And Both Were Young

Version: Unabridged
Author: Madeleine L'Engle
Narrator: Ann Marie Lee
Genres: Fiction, Teen
Publisher: Listening Library
Published In: November 2010
# of Units: 7 CDs
Length: 7 hours, 55 minutes
Ratings:
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Overview

Flip doesn't think shell ever fit in at the Swiss boarding school.  Besides being homesick for her father and Connecticut, she isn't sophisticated like the other girls, and discussions about boys leave her tongue-tied.  Her happiest times are spent apart from the others, sketching or wandering in the mountains.



But the day she's out walking alone and meets a French boy, Paul, things change for Flip.  As their relationship grows, so does her self-confidence.  Despite her newfound happiness, there are times when Paul seems a stranger to her.  And since dating is forbidden except to seniors, their romance must remain a secret.  With so many new feelings and obstacles to overcome in her present, can Flip help Paul to confront his troubled past and find a future?

Reviews (1)

Pleasant

Written by Trax on July 9th, 2014

  • Book Rating: 3/5

A pleasant if not entirely original story. A good young adult read.

Author Details

Author Details

L'Engle, Madeleine

Madeleine L'Engle (November 29 1918 – September 6 2007)[1] was an American writer best known for her Young Adult fiction, particularly the Newbery Medal-winning A Wrinkle in Time and its sequels A Wind in the Door, A Swiftly Tilting Planet, and Many Waters. Her works reflect her strong interest in modern science: tesseracts, for example, are featured prominently in A Wrinkle in Time, mitochondrial DNA in A Wind in the Door, organ regeneration in The Arm of the Starfish, and so forth.

Madeleine L'Engle Camp was born in New York City, and named after her great-grandmother, Madeleine L'Engle, otherwise known as Mado.[2] Her mother, a pianist, was also named Madeleine. Her father, Charles Wadsworth Camp, was a writer and critic, and a foreign correspondent whose lungs were damaged by exposure to mustard gas during World War I. (In a 2004 New Yorker profile of the writer, relatives of L'Engle disputed the mustard gas story, claiming instead that Camp's illness was caused by alcoholism.)

L'Engle wrote her first story at the age of five, and started keeping a journal at the age of eight. These early literary attempts did not translate into success at the New York City private school where she was enrolled. A shy, clumsy child, she was branded as stupid by some of her teachers. Unable to please them, she retreated into her own world of books and writing. Her parents often disagreed about how to raise her and as a result she went to a number of boarding schools and had many governesses.[3]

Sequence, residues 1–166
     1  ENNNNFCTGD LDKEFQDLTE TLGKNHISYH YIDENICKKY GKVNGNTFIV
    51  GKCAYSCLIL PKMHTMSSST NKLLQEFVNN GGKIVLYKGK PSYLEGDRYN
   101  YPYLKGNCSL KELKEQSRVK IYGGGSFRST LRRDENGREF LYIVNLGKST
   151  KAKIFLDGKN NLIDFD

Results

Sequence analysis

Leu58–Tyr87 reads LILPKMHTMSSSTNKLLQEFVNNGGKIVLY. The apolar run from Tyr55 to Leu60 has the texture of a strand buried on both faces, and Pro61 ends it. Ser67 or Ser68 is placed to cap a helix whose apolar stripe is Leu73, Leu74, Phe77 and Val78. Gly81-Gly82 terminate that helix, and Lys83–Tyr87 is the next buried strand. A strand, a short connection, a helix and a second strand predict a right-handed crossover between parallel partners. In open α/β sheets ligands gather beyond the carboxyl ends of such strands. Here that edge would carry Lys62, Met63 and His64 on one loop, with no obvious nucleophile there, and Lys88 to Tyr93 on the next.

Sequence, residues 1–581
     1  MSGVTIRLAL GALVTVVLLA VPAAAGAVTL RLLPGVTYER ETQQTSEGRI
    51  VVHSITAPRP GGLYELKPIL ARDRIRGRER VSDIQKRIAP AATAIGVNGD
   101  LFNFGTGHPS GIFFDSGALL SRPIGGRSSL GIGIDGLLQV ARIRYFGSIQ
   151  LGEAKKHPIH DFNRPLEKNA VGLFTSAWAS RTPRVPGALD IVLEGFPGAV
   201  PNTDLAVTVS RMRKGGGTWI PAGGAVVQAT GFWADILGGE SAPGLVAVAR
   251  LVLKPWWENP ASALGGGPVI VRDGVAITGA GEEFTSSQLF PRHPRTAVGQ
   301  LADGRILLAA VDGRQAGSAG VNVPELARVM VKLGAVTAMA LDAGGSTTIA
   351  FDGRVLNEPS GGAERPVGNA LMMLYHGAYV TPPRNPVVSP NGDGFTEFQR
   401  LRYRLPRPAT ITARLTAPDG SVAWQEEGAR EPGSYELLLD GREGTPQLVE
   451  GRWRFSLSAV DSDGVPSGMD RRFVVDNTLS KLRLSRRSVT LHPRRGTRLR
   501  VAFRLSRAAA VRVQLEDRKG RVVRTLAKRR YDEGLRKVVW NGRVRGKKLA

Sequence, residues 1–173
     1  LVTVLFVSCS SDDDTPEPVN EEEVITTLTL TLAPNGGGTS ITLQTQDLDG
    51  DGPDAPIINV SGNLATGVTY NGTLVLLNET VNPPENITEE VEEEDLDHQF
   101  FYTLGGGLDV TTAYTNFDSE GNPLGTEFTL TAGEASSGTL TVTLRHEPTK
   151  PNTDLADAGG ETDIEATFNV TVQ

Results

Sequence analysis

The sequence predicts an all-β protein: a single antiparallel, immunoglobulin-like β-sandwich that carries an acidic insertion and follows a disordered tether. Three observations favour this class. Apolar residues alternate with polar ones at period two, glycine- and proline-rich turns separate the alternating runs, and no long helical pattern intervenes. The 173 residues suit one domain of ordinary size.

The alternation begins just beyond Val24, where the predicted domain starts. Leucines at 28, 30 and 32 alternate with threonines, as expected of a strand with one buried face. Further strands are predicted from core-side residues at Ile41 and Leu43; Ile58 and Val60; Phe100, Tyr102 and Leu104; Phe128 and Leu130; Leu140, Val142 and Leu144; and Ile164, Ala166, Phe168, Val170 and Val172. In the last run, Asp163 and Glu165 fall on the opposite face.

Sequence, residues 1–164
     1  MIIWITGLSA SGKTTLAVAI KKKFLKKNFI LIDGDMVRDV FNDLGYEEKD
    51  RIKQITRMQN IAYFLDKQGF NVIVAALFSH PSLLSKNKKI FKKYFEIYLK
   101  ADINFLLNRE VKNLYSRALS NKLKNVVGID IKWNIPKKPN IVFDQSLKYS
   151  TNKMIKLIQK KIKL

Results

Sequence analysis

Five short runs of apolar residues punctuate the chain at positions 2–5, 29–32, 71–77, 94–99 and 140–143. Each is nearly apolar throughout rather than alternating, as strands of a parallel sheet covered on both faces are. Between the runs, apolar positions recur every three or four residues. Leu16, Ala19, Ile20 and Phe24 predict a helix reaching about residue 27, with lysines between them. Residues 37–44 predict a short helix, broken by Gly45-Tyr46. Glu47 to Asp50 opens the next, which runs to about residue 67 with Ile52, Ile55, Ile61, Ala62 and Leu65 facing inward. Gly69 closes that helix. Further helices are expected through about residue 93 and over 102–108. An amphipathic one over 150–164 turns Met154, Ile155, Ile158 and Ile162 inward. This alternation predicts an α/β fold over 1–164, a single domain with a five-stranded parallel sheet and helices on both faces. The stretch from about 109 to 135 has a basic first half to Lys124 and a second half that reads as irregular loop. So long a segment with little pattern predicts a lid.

She was sent to a chateau near Chamonix in the French Alps, in the hope that the cleaner air would be easier on Charles Camp's lungs. Madeleine herself was sent to a boarding school in Switzerland. In 1933 the family moved to northern Florida, and she attended another boarding school, Ashley Hall, in Charleston, South Carolina. When her father died in 1935, she arrived home too late to say goodbye.[4]

L'Engle attended Smith College from 1937 to 1941. After graduation she moved to an apartment in New York City. In 1942 she met actor Hugh Franklin when she appeared in the play The Cherry Orchard by Anton Chekhov. L'Engle married Franklin on January 26 1946, the year after the publication of her first novel, The Small Rain. The couple's first daughter, Josephine, was born in 1947.

In 1952 the family moved to a 200-year-old farmhouse called Crosswicks in rural Connecticut. To replace Franklin's lost acting income, they purchased and operated a small general store while L'Engle continued with her writing. Their son, Bion, was born that same year.[5] In 1956, Maria, the seven-year-old daughter of family friends who had passed away, came to live with the Franklins, who later adopted her. During this period, L'Engle also served as choir director of the local Congregational Church. .[6]

In 1959 Madeleine moved to New York City so Hugh could resume his acting career. The move was preceded by a ten-week cross-country camping trip, during which L'Engle first had the idea for her most famous novel, A Wrinkle in Time. L'Engle had completed the book by 1960, but more than two dozen publishers rejected the story before Farrar, Straus and Giroux finally published it in 1962.[6]

From 1960 to 1966 (and again in 1989 and 1990), L'Engle taught at St. Hilda's & St. Hugh's School in New York. In 1965 she became a volunteer librarian at the Cathedral of St. John the Divine, also in New York. She later served for many years as writer-in-residence at the Cathedral, generally spending her winters in New York and her summers at Crosswicks.

During the 1960s, 1970s and 1980s, L'Engle wrote dozens of books for children and adults. One of her books for adults, Two-Part Invention, was a memoir of her marriage, completed after her husband's death from cancer on September 26 1986.

L'Engle was seriously injured in an automobile accident in 1991, but recovered well enough to visit Antarctica in 1992.[6] Her son, Bion Franklin, died December 17, 1999. He was forty-five years old when he died.

In her final years, L'Engle became unable to travel or teach, due to reduced mobility from osteoporosis, and especially after suffering a cerebral hemorrhage in 2002. She also abandoned her former schedule of speaking engagements and seminars. A few compilations of older work, some of it previously unpublished, appeared after 2001.

Madeleine L'Engle died of natural causes at a nursing facility near her Connecticut home on September 6 2007, according to a statement by her publicist the following day.[7]